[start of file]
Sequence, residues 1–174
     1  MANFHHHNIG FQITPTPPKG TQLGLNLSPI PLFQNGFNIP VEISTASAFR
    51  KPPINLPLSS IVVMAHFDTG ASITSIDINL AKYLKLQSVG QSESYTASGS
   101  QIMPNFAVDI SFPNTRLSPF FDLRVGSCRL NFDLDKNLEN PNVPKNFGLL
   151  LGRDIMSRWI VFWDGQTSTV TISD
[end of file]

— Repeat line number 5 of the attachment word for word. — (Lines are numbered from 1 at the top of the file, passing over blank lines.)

   151  LGRDIMSRWI VFWDGQTSTV TISD